Antonio Cangiano posted a Ruby Implementation Shootout on his blog last week. While it's an interesting piece (and will likely be more interesting over time), it's still very premature.
The various implementations are still don't pass all the tests involved in the shootout (particularily rubinius and Cardinal). In fact, most of them have either not done any optimization work, or are just starting down that road.
Still, YARV shows up quite well in the test as it stands, and JRuby and Ruby.NET both show a lot of promise. It will be interesting to see how the numbers look in 6 months or so.
This doesn't mean that no one is looking at Ruby 1.8.5 speed though. Tomasz Wegrzanowski unveiled a post called Making Ruby Faster, in which he shows some opportunities for speeding up the stock interpreter. Hopefully he (and others on the ruby-core mailing list) will be able to get some improvements into 1.8.6.
-- -pate http://on-ruby.blogspot.com
|Nativ Disc||Sep 23, 2016|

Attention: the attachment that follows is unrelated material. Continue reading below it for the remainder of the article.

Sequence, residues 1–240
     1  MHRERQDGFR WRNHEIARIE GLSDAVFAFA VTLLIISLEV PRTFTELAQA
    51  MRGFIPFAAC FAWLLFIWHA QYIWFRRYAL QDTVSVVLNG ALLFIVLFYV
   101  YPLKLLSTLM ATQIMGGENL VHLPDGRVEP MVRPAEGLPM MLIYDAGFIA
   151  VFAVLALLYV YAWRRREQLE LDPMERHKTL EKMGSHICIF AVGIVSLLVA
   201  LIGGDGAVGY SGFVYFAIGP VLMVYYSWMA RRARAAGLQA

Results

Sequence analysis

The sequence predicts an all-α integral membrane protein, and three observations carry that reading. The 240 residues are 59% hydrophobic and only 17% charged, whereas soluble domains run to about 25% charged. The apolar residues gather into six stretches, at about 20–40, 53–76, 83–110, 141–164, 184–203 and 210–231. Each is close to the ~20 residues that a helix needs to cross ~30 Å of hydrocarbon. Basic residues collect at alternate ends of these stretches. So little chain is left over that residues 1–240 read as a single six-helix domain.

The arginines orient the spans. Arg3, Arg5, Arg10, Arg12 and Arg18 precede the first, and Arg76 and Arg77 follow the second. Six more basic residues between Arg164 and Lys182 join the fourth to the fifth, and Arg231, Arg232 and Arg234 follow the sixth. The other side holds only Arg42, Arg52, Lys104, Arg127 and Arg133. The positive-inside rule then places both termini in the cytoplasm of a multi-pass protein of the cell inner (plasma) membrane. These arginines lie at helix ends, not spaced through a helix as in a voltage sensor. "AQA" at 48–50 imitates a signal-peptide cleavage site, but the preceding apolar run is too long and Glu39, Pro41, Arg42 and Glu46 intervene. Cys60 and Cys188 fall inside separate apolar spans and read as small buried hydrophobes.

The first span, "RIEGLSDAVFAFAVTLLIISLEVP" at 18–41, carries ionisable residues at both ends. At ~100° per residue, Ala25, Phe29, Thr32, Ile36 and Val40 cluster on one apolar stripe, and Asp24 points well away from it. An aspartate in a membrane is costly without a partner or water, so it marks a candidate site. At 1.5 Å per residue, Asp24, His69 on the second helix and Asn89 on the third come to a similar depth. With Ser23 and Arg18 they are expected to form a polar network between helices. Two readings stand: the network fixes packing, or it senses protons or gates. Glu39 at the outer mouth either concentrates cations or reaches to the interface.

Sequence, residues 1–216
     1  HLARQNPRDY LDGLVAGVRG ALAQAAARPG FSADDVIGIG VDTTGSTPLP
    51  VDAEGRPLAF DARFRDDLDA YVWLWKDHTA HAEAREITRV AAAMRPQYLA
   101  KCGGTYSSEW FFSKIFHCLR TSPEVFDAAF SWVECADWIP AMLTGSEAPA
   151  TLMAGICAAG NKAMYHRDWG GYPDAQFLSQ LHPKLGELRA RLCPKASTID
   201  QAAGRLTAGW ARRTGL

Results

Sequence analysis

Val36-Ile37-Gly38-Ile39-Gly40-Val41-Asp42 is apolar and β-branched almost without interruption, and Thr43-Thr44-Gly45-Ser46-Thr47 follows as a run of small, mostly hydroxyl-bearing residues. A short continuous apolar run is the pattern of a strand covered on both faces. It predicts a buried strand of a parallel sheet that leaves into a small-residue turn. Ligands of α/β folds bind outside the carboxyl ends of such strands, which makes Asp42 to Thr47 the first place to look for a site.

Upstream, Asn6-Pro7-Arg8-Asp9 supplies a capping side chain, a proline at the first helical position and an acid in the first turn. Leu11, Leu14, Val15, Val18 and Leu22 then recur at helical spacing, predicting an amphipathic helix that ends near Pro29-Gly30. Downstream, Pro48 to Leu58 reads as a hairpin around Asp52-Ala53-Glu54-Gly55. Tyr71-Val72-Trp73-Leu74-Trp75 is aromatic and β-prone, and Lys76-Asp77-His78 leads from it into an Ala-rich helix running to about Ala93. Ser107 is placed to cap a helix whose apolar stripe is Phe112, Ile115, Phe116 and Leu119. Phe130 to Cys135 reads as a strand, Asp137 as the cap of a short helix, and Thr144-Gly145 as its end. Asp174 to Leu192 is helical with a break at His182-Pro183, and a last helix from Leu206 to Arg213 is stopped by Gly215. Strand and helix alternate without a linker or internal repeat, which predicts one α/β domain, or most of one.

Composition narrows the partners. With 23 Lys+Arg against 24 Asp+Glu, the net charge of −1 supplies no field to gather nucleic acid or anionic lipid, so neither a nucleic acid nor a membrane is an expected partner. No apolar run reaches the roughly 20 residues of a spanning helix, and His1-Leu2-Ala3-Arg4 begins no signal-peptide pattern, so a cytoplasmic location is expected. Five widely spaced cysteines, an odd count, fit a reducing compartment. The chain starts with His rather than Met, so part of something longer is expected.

|Android Browser Security--What You Haven't Been Told||Sep 22, 2016|
|The Many Paths to a Solution||Sep 21, 2016|
|Synopsys' Coverity||Sep 20, 2016|
|Naztech's Roadstar 5 Car Charger||Sep 16, 2016|
|RPi-Powered pi-topCEED Makes the Case as a Low-Cost Modular Learning Desktop||Sep 15, 2016|
- Android Browser Security--What You Haven't Been Told
- Download "Linux Management with Red Hat Satellite: Measuring Business Impact and ROI"
- Nativ Disc
- The Many Paths to a Solution
- Naztech's Roadstar 5 Car Charger
- Synopsys' Coverity
- Securing the Programmer
- RPi-Powered pi-topCEED Makes the Case as a Low-Cost Modular Learning Desktop
- Identity: Our Last Stand
- Glass Padding
With all the industry talk about the benefits of Linux on Power and all the performance advantages offered by its open architecture, you may be considering a move in that direction. If you are thinking about analytics, big data and cloud computing, you would be right to evaluate Power. The idea of using commodity x86 hardware and replacing it every three years is an outdated cost model. It doesn’t consider the total cost of ownership, and it doesn’t consider the advantage of real processing power, high-availability and multithreading like a demon.
This ebook takes a look at some of the practical applications of the Linux on Power platform and ways you might bring all the performance power of this open architecture to bear for your organization. There are no smoke and mirrors here—just hard, cold, empirical evidence provided by independent sources. I also consider some innovative ways Linux on Power will be used in the future.Get the Guide